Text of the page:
Scoliosis & Spine

Scoliosis Innovations at TSRHC

Texas Scottish Rite Hospital for Children (TSRHC) has cared for children with scoliosis since the hospital's earliest years. TSRHC has emerged as a leader in spine research due to its prestigious research efforts and innovative scoliosis treatment methods. TSRHC has significantly improved the care of young patients with spinal deformities throughout Texas, the United States and the world, and has treated tens of thousands of children with scoliosis.

Center for Excellence in Spine Research

In 2005, TSRHC established the Sarah M. and Charles E. Seay/Martha and Pat Beard Center for Excellence in Spine Research to determine the cause of scoliosis, better understand the factors that lead to curve progression, explore ways to prevent curve progression and improve scoliosis surgical treatments. This revolutionary center provides a forum for experts from diverse disciplines to collaborate on specific challenges related to spinal deformities.

The Seay/Beard Center staff focuses on six main areas of research: basic science; new implant design and modification;, understanding spinal deformity and spinal growth; outcome studies following non-operative and operative treatment; defining adverse outcomes and complications; and investigation of minimal access surgical techniques.

Scoliosis Genetic Research

In April 2007, researchers at TSRHC identified the first gene - CHD7 - associated with idiopathic scoliosis. In 2011, they identified two additional genes - CHL1 and DSCAM - that give new insight into the condition. These gene discoveries lay the groundwork for future research and may lead to improved scoliosis prevention and treatment methods.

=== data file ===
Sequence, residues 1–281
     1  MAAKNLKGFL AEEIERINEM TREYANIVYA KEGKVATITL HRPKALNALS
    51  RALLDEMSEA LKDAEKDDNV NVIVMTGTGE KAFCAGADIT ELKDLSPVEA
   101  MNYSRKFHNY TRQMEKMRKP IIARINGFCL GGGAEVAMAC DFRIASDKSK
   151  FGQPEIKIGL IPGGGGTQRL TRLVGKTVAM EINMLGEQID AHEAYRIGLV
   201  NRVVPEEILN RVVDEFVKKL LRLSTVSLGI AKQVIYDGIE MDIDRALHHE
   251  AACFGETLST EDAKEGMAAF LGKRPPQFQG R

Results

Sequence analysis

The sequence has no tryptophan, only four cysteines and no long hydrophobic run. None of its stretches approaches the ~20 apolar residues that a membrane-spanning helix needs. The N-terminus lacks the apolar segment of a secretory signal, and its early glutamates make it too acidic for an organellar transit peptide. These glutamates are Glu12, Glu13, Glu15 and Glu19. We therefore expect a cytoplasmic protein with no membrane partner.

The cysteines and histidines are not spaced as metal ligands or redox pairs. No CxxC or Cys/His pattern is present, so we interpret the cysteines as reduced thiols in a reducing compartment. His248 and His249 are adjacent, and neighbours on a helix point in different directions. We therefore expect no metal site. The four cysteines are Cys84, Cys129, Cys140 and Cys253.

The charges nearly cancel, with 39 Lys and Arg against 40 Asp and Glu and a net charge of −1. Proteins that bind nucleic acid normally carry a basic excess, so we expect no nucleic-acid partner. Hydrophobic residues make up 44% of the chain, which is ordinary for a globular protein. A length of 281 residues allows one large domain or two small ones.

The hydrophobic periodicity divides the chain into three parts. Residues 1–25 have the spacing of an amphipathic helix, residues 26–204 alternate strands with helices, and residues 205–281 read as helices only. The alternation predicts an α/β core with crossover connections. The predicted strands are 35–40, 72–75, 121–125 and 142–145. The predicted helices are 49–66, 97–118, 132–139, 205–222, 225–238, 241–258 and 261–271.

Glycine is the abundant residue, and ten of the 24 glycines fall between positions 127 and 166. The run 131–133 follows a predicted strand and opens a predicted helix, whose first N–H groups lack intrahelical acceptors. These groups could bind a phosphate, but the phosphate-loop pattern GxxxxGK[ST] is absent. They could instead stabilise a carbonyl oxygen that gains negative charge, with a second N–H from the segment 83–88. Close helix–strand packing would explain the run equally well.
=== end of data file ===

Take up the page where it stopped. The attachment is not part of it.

TSRH® Spinal System and TSRH® SILOTM 5.5 Spinal System

In the mid-1980s, TSRHC researchers developed a segmental spinal instrumentation based on the Cortel and Dubousset (CD instrumentation) concept. The TSRH® Spinal System does not require postoperative immobilization, thereby reducing recovery time and allowing a patient to return to physical activities. Because of these advantages, it soon became the most widely-used implant system in the world for both spinal deformity and adult degenerative conditions.

TSRHC introduced a modified design, called the TSRH® SILO 5.5 Spinal System, in 2005, offering a side-loading alternative used in trauma, tumor and deformity surgery. Today, more than 2.75 million TSRH® Spinal Systems have been used to treat complex spinal conditions.

Scoliosis Surgical Outcomes Database

Many TSRHC scoliosis patients participate in research studies. The TSRHC Scoliosis Research Database is a unique research tool currently containing information for more than 600 participating individuals with idiopathic scoliosis. Information such as age, weight, family history, disease onset, disease progression, etc. can easily be compared and linked to clinical and laboratory data. The database will ultimately integrate information for at least 2,000 research participants with idiopathic scoliosis in the next three to four years.